A Brief History of Can-Can

Image: Mademoiselle Eglantine’s Troupe (La Troupe de Mademoiselle Églantine), Henri de Toulouse-Lautrec, 1896, (Source: Wikipedia)

The Can-Can is a high-energy, physically demanding dance that became a popular music hall dance in the 1840s, continuing in popularity in French cabaret to this day. Originally danced by both sexes, it is now traditionally associated with a chorus line of female dancers. The main features of the dance are the vigorous manipulation of skirts and petticoats, along with high kicks, splits, and cartwheels.

The Can-Can is believed to have evolved from the final figure in the quadrille, a dance that was fashionable in late 18th- and 19th-century Europe and that was performed by four couples in a rectangular formation. The exact origin of the dance is obscure, but the steps may have been inspired by a popular entertainer of the 1820s, Charles Mazurier, well known for his acrobatics, including the grand écart or jump splits.

The dance was considered scandalous, and for a while, there were attempts to repress it. This may have been partly because in the 19th century, women wore pantalettes, which had an open crotch, meaning that a high kick could be unintentionally revealing. There is no evidence that Can-Can dancers wore special closed underwear, although it has been claimed that the Moulin Rouge management did not permit dancers to perform in “revealing undergarments”. Occasionally, people dancing the Can-Can were arrested, but there is no record of it being banned.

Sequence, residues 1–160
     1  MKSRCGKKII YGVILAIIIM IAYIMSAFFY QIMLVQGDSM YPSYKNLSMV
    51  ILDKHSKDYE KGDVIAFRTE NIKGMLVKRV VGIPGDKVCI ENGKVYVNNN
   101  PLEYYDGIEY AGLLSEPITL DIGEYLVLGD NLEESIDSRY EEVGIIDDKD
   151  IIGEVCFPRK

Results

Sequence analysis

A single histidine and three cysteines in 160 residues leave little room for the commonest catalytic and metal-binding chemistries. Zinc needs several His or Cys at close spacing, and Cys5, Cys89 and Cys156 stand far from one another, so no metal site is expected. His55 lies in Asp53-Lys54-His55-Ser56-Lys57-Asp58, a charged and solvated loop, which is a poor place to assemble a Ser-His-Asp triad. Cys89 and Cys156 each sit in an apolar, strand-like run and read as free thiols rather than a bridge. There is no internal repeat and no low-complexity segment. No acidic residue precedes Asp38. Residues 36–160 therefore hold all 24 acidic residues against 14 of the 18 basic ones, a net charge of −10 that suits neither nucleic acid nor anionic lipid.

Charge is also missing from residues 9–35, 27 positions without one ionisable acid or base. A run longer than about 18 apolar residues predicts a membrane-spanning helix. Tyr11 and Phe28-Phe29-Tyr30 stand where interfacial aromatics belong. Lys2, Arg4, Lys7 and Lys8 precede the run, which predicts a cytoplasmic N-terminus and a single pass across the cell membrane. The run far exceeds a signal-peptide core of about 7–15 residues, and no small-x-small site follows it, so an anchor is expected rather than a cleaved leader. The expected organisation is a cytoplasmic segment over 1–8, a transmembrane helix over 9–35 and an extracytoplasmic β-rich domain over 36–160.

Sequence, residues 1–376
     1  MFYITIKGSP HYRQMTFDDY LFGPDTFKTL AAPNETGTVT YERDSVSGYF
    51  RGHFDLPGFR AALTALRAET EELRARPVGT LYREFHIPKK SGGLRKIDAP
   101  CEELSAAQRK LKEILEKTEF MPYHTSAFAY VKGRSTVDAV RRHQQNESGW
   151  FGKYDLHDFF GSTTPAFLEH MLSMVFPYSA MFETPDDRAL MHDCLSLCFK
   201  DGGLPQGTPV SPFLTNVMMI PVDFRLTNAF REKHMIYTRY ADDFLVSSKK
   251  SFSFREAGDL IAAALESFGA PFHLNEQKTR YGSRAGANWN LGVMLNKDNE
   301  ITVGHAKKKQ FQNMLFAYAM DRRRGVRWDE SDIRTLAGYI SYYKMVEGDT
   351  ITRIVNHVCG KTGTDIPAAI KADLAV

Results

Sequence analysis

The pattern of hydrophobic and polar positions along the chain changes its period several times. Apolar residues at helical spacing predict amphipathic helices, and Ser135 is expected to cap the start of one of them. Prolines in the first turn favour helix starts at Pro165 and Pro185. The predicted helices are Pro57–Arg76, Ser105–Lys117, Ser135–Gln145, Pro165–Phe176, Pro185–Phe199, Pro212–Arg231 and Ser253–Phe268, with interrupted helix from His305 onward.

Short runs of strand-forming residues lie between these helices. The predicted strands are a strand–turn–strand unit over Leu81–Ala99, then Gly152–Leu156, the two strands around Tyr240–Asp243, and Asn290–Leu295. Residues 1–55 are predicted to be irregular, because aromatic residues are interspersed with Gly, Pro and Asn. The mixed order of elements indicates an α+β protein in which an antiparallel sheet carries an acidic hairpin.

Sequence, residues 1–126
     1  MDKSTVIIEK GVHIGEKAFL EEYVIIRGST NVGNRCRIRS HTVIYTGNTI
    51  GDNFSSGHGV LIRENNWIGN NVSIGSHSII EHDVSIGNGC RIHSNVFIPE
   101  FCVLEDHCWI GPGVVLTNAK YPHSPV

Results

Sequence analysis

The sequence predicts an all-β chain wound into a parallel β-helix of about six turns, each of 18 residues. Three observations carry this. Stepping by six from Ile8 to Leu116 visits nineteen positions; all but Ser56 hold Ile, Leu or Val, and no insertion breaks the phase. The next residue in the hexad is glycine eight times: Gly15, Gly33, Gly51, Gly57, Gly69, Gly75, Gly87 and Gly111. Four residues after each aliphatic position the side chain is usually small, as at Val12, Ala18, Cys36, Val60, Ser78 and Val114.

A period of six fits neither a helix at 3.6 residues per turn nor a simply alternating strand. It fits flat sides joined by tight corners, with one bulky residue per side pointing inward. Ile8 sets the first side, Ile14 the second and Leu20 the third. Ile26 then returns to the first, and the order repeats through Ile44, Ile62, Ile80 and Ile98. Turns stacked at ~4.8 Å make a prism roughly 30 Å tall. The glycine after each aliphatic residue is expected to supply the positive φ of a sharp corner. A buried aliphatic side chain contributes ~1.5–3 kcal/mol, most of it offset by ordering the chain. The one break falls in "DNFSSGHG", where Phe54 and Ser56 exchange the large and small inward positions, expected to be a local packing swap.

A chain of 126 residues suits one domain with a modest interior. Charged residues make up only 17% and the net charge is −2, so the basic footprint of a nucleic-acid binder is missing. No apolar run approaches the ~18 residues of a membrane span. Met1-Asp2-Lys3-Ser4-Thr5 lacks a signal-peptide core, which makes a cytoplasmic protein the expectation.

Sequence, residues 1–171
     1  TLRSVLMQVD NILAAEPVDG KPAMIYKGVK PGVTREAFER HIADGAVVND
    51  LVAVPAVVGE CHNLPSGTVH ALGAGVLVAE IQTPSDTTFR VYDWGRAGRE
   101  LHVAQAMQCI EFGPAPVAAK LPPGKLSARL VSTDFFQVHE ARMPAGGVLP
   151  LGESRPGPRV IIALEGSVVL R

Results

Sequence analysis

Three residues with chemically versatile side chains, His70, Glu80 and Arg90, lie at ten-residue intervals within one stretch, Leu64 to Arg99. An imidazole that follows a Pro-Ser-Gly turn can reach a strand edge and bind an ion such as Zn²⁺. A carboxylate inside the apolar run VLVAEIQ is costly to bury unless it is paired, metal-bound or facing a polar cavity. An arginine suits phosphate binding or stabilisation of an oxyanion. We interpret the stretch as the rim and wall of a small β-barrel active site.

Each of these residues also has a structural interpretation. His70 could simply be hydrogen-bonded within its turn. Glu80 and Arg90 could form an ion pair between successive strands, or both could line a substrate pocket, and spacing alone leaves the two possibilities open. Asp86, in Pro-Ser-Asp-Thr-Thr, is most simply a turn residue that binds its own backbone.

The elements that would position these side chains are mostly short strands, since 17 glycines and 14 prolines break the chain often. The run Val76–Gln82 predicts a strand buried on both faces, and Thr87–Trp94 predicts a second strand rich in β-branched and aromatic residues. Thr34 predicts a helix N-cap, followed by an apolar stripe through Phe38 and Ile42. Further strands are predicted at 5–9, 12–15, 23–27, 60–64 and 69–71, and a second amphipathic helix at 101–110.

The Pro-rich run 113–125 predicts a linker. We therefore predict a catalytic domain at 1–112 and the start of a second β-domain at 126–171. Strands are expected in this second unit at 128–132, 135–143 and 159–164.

A few men became Can-Can stars in the 1840s to 1860s and an all-male group known as the Quadrille des Clodoches performed in London in 1870. However, women performers were much more widely known. The early Can-Can dancers were probably prostitutes, but by the 1890s, it was possible to earn a living as a full-time Can-Can dancer.

The Can-Can was introduced in America on 23 December 1867 by Giuseppina Morlacchi, dancing as a part of The Devil’s Auction at the Theatre Comique in Boston. It received an enthusiastic reception. The Can-Can became popular in Alaska and Yukon, Canada where theatrical performances feature Can-Can dancers to the present day.

The Can-Can is now considered a part of world dance culture. Often the main feature observed today is how physically demanding and tiring the dance is to perform, but it still retains a bawdy, suggestive element.